GM in Mexico
General Motors-Mexico (GMM) was formally incorporated in 1985, but it began assembling CKD sets for vehicles for the domestic market in 1936 with 48 workers (Cruz Guzman 1995). The role played by GM’s Mexican operations has changed over time. Between the 1930s and the early 1960s, the automaker operated a single plant in Mexico City assembling imported auto parts for sale to the domestic market. From the mid-1960s until the late 1970s, operations expanded to include the manufacture of auto parts and engines for the domestic market, and to a lesser extent for export, with the company adding a plant in Toluca. Since the early 1980s, GMM has operated primarily as a manufacturer of vehicles, engines, and auto parts for export. During this period, automobile and engine plants were established in Ramos Arizpe, Coahuila, and various maquiladoras were built in Mexican border cities. Most recently, GMM invested $400 million in a new light truck-assembly plant that opened in Silao in 1994 (Figure 1). In addition, GMM’s role was expanded to include undertaking co-investments and participating in business ventures beyond the automotive industry (Figure 1).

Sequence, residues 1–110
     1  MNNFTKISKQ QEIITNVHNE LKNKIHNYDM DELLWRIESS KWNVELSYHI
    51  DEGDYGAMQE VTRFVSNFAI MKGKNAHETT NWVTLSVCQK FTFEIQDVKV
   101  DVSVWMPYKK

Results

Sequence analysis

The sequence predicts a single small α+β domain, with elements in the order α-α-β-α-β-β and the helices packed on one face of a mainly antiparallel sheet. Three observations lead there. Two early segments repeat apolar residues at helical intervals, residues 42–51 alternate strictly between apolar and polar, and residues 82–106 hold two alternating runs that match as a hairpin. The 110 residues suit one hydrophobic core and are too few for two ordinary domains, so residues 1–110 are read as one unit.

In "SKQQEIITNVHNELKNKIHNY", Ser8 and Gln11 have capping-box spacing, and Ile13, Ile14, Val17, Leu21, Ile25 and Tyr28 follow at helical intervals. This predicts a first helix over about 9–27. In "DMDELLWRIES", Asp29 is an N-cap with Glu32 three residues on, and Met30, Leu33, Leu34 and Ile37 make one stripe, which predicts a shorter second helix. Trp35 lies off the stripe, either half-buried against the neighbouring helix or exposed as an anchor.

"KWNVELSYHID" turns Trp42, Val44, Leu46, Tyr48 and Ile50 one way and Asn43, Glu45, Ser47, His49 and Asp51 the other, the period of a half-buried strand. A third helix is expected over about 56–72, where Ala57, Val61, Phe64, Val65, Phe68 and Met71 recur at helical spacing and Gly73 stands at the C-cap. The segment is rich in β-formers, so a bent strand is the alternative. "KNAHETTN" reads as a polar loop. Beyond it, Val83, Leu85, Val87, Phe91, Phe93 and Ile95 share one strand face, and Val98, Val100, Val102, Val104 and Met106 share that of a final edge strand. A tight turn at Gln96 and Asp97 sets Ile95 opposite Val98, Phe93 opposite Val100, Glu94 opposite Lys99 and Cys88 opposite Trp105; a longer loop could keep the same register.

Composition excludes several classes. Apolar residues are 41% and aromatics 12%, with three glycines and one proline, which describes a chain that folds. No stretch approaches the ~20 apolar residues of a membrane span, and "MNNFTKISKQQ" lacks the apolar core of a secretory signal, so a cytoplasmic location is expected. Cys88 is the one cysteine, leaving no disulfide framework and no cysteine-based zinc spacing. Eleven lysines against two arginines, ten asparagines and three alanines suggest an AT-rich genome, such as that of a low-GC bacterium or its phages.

Historically, GM’s strategy in Mexico has been to increase its productive capacity, diversify its product line and markets, and expand its business operations. In short, it has sought to substantially boost its importance in the country. For 2002, GMM occupied the second place in domestic auto sales (22 percent of all cars manufactured and imported) and second place in light vehicles (27 percent of the total). It is the only producer of heavy trucks in Mexico (AMIA 2002: No. 445). In addition, Delphi was the leading transnational corporation in Mexico in terms of number of plants and second in total employment. This is consistent with GM’s tendency toward global rationalization, specializing each of its operations to focus on a single market, in this case, NAFTA. In terms of auto production, the strategy for Mexico has been to build fewer models in larger quantities to serve the North American market. A similar trend can be seen in the maquiladora plants producing wire harnesses and electrical products.6